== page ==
The Minions are back and this time in a feature length film of their own. Admittedly, I have never seen Despicable Me nor its sequel, however it comes as no surprise that these adorable, gibberish-speaking, pill-shaped creatures warranted a spin-off prequel. From their various television interstitials to the teaser trailer for the film, how could you not want more? And while Minions certainly delivers on the silly gags and wacky antics, it does suffer a bit from a disjointed plot.
The Minions story begins at the dawn of time. Starting as single-celled yellow organisms floating along to the tune of “Happy Together” by The Turtles, we see them evolve through the ages, perpetually serving the most despicable of masters. Continuously unsuccessful at keeping these masters (…ahem…alive)—from T. rex to Napoleon—the Minions find themselves without someone to serve and fall into a deep depression. As a result, they retreat to an ice cave deep in the arctic.
But when one Minion named Kevin devises a plan, he—alongside teenage rebel Stuart and lovable little Bob—venture out into the world (now in the late 1960s) to find a new evil boss for his brethren to follow.
The trio embarks upon a thrilling journey starting with a hitch-hiking trip from New York City to Orlando for Villain-Con where the first-ever female super-villain, Scarlet Overkill (Sandra Overkill), is on the lookout for new henchmen. After Kevin, Stuart, and Bob land the coveted job (no surprise there) they find themselves in mod London where they must face an even greater challenge: steal the crown from the Queen of England and save all of Minionkind…from annihilation.
While all of that seems like that a hefty task for three semi-capable Minions, it doesn’t really amount to all that much in the long run. While the first 30 minutes of the film are fantastic, the remainder suffers from a rambling plot that seems to jump from one gag to the next without much concern as to whether it makes sense or helps drive the plot. The opening sequence where the Minions bounce from one despicable master to the next is easily the best in the film and cleverest idea. Also, early scenes involving the suburban Nelson family (voiced by Michael Keaton and Allison Janney) literally steal the movie. At this point story-wise, it feels like the movie has the potential to go someplace great. Unfortunately, once theMinions get recruited by Scarlet Overkill things quickly devolve into a game of “what zany situation can we put these Minions in now?” That’s not to say there aren’t plenty of laughs along the way such as the scene where we check up on the remaining Minions back at the ice cave and find them playing a less-than-enthusiastic game of soccer. But their stimulus famine somewhat mirrors the audience’s feeling of being intellectually turned off. Well maybe not the entire audience, but at least those who are actually taller than a Minion.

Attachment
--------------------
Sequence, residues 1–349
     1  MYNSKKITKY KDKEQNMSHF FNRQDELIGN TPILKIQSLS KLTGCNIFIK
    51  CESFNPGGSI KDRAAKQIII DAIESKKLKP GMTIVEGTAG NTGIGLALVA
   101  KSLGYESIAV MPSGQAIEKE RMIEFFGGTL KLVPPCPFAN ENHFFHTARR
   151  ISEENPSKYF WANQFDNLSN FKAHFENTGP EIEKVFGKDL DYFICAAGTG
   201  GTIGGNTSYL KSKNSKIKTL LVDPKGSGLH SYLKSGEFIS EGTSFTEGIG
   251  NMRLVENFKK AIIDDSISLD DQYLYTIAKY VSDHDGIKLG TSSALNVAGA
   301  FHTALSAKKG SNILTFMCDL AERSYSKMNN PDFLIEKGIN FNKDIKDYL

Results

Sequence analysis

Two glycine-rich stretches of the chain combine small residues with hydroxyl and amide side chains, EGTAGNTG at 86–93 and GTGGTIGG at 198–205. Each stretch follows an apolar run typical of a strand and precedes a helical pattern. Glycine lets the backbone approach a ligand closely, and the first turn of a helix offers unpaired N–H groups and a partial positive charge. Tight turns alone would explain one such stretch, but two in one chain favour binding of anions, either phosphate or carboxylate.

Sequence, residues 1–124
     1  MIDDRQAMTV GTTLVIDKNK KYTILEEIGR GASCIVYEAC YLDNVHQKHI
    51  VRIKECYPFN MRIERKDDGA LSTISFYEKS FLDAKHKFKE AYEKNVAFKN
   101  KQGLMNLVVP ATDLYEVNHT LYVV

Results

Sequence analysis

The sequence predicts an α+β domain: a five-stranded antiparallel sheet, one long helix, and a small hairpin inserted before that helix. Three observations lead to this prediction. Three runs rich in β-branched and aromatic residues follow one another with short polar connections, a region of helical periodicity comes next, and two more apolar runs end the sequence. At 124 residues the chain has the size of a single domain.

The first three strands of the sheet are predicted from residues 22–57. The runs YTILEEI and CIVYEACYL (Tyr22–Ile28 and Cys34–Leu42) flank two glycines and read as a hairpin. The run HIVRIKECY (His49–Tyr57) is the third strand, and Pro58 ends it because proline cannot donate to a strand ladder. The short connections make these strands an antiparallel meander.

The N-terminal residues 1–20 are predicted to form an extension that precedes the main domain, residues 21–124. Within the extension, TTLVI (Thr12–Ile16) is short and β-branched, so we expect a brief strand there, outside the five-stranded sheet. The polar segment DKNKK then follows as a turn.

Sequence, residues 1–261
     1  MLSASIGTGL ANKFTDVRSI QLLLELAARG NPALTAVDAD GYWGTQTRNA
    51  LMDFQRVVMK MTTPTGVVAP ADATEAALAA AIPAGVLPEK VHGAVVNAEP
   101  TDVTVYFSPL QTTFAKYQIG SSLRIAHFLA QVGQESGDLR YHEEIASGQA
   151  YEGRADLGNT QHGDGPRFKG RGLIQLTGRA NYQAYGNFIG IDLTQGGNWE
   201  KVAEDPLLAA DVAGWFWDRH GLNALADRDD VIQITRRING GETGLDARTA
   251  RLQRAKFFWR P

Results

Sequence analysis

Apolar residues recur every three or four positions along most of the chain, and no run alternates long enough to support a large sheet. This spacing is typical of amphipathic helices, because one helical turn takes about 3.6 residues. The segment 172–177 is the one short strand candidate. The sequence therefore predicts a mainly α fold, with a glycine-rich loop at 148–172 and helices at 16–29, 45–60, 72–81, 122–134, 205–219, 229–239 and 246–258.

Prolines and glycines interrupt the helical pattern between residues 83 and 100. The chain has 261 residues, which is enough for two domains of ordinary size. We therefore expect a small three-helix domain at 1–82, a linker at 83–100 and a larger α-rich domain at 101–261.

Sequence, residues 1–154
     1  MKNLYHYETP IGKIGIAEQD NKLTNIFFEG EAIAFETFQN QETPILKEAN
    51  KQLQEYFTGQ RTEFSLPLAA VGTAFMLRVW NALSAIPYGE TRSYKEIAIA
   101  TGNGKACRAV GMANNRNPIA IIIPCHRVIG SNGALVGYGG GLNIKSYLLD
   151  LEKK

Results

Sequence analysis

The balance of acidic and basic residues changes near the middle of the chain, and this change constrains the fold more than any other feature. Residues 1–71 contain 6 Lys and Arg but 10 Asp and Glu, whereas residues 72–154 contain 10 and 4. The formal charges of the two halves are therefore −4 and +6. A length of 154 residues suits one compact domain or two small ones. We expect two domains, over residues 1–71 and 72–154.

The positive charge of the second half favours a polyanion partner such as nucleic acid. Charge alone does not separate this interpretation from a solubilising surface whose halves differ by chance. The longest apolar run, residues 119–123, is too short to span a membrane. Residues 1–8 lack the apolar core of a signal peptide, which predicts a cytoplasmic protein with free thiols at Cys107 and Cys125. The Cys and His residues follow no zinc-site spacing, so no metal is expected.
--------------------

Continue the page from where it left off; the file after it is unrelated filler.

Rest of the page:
After being emotionally pummeled and intellectually jolted by Pixar’s Inside Out, it’s hard not to hold other animated films to the same standard of excellence. And just to be fair I’ll say Dreamworks’ How to Train Your Dragon films do manage to meet those high expectations. So why not Minions? I guess its because Illumination Entertainment and Universal Pictures wanted to capitalize on these fan-favorite characters, give them more screen time, and deliver lots of laughs and silly scenarios for a family audience to enjoy. To that I say, “Mission Accomplished!” I certainly laughed as did the audience I was with. And I’d be lying if I didn’t say I wanted a picture with the Minions both before and after the film (you can see them on my Instagram). Was it a cerebral film that I could talk about at length? No. Was it 90 minutes of silly family fun? You bet! At the very least parents will enjoy the handful of classic 1960s songs regardless of whether they “Bee-Do” or “Bee-Don’t”.
Minions was directed by Pierre Coffin & Kyle Balda and stars Sandra Bullock, Jon Hamm, Michael Keaton, Allison Janney & Steve Coogan. It opens in theaters July 10th and is Rated PG.